It was definitely my time in Nigeria. I wanted to quit after just a few months. I felt overwhelmed. So, I went back to South Africa to meet with my boss’s boss and tell him I couldn’t handle the pressure anymore. But he turned the tables on me and said I was the one putting too much pressure on myself. In the end, he asked me to go back and finish what I started. That really changed my mindset. Before that, I had been working so much that it pushed me to my breaking point, which was uncomfortable. But I managed to turn that experience into a learning opportunity.

What did you learn?

I’ve matured and realized that things take time, and sometimes you need to change your mindset and accept how things are. In my experience, it takes about 18 months for a shift in people’s mindsets. People can be pushed, but they can’t be rushed.

How would your fellow management team describe you?

They would describe me as a breath of fresh air. I bring energy, agility, a strong desire to make Malibu and Kahlua successful brands, and a genuine market perspective to the business. But my interests aren’t limited to my brands. I have a broad mindset and try to add value and share my thoughts wherever I can.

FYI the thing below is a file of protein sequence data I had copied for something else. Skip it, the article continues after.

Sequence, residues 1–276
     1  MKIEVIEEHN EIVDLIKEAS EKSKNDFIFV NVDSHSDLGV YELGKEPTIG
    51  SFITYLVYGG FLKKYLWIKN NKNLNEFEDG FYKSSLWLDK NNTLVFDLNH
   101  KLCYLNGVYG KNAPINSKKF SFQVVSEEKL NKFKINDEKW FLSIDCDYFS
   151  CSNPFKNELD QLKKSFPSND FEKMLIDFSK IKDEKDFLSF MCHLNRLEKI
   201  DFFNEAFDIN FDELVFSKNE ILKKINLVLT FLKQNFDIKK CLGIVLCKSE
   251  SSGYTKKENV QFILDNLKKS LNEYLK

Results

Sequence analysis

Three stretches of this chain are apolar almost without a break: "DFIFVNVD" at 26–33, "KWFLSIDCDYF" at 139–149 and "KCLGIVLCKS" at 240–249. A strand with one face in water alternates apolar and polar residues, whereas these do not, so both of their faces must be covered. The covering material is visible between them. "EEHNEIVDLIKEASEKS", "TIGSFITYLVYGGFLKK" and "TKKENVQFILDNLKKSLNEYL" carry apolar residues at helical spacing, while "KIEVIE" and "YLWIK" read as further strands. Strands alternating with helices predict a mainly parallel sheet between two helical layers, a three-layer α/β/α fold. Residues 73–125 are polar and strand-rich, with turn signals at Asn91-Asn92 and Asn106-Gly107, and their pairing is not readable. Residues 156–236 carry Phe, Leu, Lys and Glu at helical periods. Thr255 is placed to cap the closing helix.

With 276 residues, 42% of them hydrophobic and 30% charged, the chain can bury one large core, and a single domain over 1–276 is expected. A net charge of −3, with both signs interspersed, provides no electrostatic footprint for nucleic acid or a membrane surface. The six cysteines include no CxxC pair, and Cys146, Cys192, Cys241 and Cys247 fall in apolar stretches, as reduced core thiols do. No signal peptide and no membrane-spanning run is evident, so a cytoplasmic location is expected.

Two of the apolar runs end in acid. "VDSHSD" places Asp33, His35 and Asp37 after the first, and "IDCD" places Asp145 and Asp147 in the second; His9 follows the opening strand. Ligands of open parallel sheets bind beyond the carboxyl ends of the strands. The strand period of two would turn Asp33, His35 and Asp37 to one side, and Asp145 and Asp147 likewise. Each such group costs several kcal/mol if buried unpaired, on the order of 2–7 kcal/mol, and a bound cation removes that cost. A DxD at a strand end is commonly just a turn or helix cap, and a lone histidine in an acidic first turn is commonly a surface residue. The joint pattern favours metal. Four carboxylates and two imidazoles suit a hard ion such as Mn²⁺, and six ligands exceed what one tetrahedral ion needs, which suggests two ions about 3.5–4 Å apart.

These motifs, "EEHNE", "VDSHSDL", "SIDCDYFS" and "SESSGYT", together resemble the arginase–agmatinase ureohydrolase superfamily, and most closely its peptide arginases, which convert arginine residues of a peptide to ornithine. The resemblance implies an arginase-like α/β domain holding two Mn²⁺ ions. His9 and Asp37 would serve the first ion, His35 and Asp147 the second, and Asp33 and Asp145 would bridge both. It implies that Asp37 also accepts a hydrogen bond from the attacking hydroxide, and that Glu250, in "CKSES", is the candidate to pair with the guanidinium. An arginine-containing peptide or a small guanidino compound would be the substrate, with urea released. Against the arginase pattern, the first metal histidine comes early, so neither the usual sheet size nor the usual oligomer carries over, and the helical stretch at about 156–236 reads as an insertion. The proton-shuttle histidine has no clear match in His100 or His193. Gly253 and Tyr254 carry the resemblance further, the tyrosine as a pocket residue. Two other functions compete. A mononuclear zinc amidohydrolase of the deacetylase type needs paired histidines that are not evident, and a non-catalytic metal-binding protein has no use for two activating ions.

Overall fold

What are you passionate about outside of work?

I love BBQing. It doesn’t matter if it’s snowing, raining, or sunny; my grill is always fired up and ready for action. Besides that, I enjoy being outdoors. The nature here is unbelievably beautiful, and it’s easily accessible. In the summer, I go mountain biking, and I’ve recently started using the Skippery app to go boating and explore the archipelago. In the winter, I enjoy skiing.

What would you have done if you hadn’t worked at TAC?

I think I would have pursued a career as a chef. I love cooking and food. Alternatively, being a rockstar would be cool for the excitement, or even a fighter jet pilot for the adrenaline rush.